by Dr. John Yates
Western Christianity is in the midst of a spiritual crisis with issues of sexual immorality, ignorance of scripture and prayerlessness abounding. To seek power from the Spirit as a solution to these problems may initially seem a biblical response, but it is almost certainly a symptom of the spiritual laziness which besets us. It’s easy to become excited about a power that can rescue us from the predictability of contemporary Christian living, but only the power of a person can free us from sin and conform us to Christ, which is the only valid goal of spiritual formation (Rom 8:29). A common stumbling block on the journey to greater Christ-likeness is a failure not only to know the Spirit of God (John 14:17; 1 John 4:2) as a total personality but to be ignorant of his dignity as an eternal Person.
It is not easy to know God’s Spirit for his personal identity is found deep inside the love between the Father and the Son. Nevertheless we can be encouraged that Paul could speak these words to the Corinthians, a Church plagued with many of the problems of today. “Now we have received not the spirit of the world, but the Spirit who is from God, that we might understand the things freely given us by God. And we impart this in words not taught by human wisdom but taught by the Spirit, interpreting spiritual truths to those who are spiritual.” (1 Corinthians 2:12-13 ESV). As “spiritual people” we are gifted with the ability to understand how the Spirit’s long and intimate relationship with humanity perfectly equips him to transform us into the likeness of Jesus.
The Eternal Spirit and the Shaping of Man
Since the Holy Spirit “the eternal Spirit” (Heb 9:14) he was intimately involved in God’s purposes for humanity from the beginning, purposes laid bare in two very emotive Old Testament texts. Proverbs 8 speaks of God “rejoicing in his inhabited world and delighting in the children of man.” (Proverbs 8:31 ESV cf. Job 38:7). There’s something delightful about new life, our family had a new grandchild born a couple of weeks ago which was a great joy, and God was rejoicing in his Spirit’s creativity in bringing forth humanity in his own image (Ps 104:30). The ground of God’s joy becomes clear in our second passage; “v6 I will…bring my sons from afar and my daughters from the end of the earth,v7 everyone who is called by my name, whom I created for my glory, whom I formed and made.” (Isa 43:6-7). The goal of creation is the intimacy and glory which in scripture is called “sonship”.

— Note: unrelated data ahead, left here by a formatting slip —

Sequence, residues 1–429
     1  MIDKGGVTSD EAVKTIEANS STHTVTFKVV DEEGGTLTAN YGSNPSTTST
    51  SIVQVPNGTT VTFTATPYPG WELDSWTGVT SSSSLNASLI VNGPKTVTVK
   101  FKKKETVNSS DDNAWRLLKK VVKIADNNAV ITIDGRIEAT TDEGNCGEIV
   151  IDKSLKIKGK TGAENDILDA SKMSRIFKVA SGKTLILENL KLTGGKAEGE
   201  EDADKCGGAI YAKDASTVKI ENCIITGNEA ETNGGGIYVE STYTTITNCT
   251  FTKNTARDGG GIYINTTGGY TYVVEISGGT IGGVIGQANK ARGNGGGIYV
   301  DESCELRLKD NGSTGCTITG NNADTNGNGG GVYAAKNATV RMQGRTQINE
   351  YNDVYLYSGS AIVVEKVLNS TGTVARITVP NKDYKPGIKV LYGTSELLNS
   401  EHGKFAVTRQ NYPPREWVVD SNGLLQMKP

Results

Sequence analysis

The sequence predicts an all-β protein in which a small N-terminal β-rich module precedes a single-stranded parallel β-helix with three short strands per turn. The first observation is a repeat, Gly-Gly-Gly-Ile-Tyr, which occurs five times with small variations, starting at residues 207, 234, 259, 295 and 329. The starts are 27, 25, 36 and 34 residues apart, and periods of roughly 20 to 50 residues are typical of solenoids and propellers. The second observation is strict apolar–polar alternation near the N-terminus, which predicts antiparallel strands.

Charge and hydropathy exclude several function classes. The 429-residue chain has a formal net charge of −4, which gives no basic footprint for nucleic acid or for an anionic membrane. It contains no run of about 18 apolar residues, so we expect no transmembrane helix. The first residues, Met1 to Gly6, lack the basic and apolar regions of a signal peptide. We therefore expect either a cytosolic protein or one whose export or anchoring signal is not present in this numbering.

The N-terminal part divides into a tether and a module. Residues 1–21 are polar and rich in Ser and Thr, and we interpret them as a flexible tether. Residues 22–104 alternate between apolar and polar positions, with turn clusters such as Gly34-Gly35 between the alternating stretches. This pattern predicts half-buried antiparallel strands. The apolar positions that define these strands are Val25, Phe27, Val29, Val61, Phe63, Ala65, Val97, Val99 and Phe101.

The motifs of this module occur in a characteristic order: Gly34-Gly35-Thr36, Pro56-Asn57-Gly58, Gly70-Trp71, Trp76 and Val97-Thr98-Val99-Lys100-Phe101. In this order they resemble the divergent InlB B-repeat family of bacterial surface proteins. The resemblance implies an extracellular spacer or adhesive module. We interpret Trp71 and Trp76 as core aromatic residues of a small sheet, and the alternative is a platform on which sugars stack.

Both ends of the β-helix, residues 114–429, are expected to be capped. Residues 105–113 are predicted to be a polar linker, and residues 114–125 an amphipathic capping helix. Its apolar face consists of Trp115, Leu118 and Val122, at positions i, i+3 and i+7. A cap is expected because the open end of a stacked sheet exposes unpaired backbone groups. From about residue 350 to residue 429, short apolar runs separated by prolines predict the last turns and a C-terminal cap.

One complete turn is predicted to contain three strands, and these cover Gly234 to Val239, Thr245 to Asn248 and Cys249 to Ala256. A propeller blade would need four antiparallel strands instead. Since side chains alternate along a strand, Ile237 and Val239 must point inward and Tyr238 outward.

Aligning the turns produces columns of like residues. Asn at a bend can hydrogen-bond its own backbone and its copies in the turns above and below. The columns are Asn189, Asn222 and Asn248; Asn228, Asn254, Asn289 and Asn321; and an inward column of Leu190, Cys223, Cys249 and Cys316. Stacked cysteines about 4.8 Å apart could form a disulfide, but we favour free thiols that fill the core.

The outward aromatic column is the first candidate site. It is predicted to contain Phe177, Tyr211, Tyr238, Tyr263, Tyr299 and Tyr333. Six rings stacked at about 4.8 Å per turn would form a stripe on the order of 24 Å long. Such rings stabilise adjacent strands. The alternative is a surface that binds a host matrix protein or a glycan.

The Spirit’s great passion in shaping humanity in the divine image (Gen 2:7) is that we might have a spiritual vision of God as he truly is. Not merely sensing the glory of God as it is reflected through created things (Ps 19:1-4) but becoming the sort of persons who knows God’s heart from the inside (cf. John 1:18). To be filled with God as God is filled with himself is the ultimate goal of all spiritual formation and the special ministry of the Spirit (Eph 3:16-19 cf. Col 2:9-10).
A grasp of the suffering that human sin causes the Holy Spirit requires a proper appreciation of the Spirit’s original work in forming the image of God in Man. Since Luke 3:38 tells us that Adam was “the son of God” the Spirit of God must have testified to the spirit of the first man that God was his Creator-Father (cf. Acts 17:28). The LORD’s personal command to Adam to guard Eden (Gen 2:15; cf. Num 3:7-8; Num 8:26; Num 18:5-6) was a commission to a son to protect the presence of God’s glory in Eden. The prohibition, “of the tree of the knowledge of good and evil you shall not eat, for in the day that you eat of it you shall surely die.” (Gen 2:17 ESV) was a Spirit filled Word of divine fatherly discipline (Heb 12:5-11) whose purpose was to sustain the glory of God in the lives of the first people. God’s presence and power is however always contested by the powers of evil.
Satan presented himself to Eve as a different sort of father than her Creator (John 8:44). He promises her the same destiny of God-likeness (Gen 3:5; 1:26), but without the need to endure any sort of deprivation. This is a promised “short cut to glory” which in every generation has tripped up the progress of the people of God. Sin did not bring spiritual ascent but spiritual deformation, the Fall. The Spirit of God withdrew from the heart of Man so all became “dead in trespasses and sin”(Eph 2:1). The indifference to holy things which is so characteristic of our culture, and has deeply penetrated even the Church, is a striking manifestation of how sin breeds sloth, laziness and indiscipline. Where humanity is laid back about its spiritual condition the Father-Creator suffers excruciating pain; “The Lord saw that the wickedness of man was great in the earth…. And the LORD regretted that he had made man on the earth, and it grieved him to his heart….the LORD said, “My Spirit shall not abide in man forever…”” (Genesis 6:5-6, 3 ESV).